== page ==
April 1, 2015

Clash of differences

Very often I find that most of the lessons learnt in school were so irrelevant and so not-making-any-impression on kids sort that it bemuses me what would happen to the people who think they were running the show once they are put out of work. The thought of doing the same at workplace also sometimes feels motivating to me but I think that revenge angle of things is best avoided. Revenge against what you ask? The revenge is for the stark difference in what one is supposed to be doing and what fraction of it they end up doing, even if it was because they were incompetent in the first place or just letting things be shying away from the responsibility.

The lesson I would like to bash today is that of "unity in diversity". This is perhaps the most ironic and hypocritical essay each one of us would've written as part of the school syllabus. We talk about unity but are so bent upon:

  • distinguishing ourselves from the other and
  • classifying achievements based on the group one belongs to and worse,
  • encouraging others, directly or indirectly, to do the same. 
I was disgusted at college year after year to see the lengths people could go to distinguish themselves and their groups/clans. And each time I hid that disgust by repeating the dialog from Chak De! "mujhe na states ke naam dikhayi dete hain na sunayi dete hain, sirf ek mulk ka naam sunayi deta hain.. India".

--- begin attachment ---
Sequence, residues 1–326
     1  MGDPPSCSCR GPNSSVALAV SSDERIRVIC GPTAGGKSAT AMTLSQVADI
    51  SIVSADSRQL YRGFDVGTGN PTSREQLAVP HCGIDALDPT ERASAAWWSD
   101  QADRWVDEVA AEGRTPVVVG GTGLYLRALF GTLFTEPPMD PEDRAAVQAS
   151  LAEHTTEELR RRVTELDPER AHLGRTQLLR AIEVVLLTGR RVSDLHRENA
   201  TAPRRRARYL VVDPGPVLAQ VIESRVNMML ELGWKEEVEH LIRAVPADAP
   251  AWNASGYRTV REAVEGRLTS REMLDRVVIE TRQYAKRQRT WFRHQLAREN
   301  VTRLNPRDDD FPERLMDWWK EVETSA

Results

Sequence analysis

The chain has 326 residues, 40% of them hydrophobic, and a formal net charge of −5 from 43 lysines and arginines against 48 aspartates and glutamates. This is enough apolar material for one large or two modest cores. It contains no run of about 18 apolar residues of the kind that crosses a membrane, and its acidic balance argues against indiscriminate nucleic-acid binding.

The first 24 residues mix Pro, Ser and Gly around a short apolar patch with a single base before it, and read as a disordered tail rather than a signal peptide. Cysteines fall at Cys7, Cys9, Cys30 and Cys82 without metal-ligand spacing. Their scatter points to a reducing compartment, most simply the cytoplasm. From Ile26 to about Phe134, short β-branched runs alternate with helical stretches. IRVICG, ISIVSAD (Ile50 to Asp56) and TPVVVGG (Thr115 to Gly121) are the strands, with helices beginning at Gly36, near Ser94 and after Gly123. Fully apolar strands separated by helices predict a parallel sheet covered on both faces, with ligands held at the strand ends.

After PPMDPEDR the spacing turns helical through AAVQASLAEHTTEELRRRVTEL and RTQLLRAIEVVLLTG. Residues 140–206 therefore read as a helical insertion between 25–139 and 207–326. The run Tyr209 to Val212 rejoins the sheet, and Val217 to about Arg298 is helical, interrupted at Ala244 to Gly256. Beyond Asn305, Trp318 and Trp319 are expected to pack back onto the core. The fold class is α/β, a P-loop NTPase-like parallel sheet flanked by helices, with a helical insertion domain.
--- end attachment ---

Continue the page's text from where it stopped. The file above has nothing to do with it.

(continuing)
• The first year was all about North Indian South Indian divide. 
  • The second year about divisions within the AP community based on cities they came from: Hyderabad, Vizag, and I can't remember the rest. 
  • In the third year, I was extremely fortunate to stay away from all these idiots and work in the kind of environment I did my schooling in: different people from different departments and different backgrounds and talking purely about work rather than dissecting into why one behaved the way they did. I'm not saying its wrong, because its definitely scientific to think about it that way except that at that time it just felt a bit separatist than unifying. Well anyway nobody spoke about it back then so that's that. 
  • The fourth year was about brahmins, non-brahmins, etc. The final year was about khammas, chaudharys, etc. It was perhaps the worst environment I could have imagined. 
But things don't end with college they just begin there. People from Bangalore complain about Hyderabad. People from Maharashtra who are actually clueless about cities start complaining about the lack of good food in Hyderabad. Well show me a city that is perfect or at least aims towards perfection. Every city would have its problems and before pointing a finger why don't you just think its India first before anything else. 

As usual, I try to keep myself out of these conversations as much as I can because its just feels so regressive. Also I'm sure that someday when a time comes for these people to choose between a person of their group and a person from another group, they would go for the former irrespective of any need. 

So more than the riots, the basic everyday conflicts are disuniting and we can only become a stronger country if we show unity in these small discussions and problems and look outward rather than inward. Let's think about how we are going to contribute to the colonization of Mars now that we know how many problems humans can create for themselves because of these divisions.  

Once again its the small things that need to be set right and automatically things would fall into place. 

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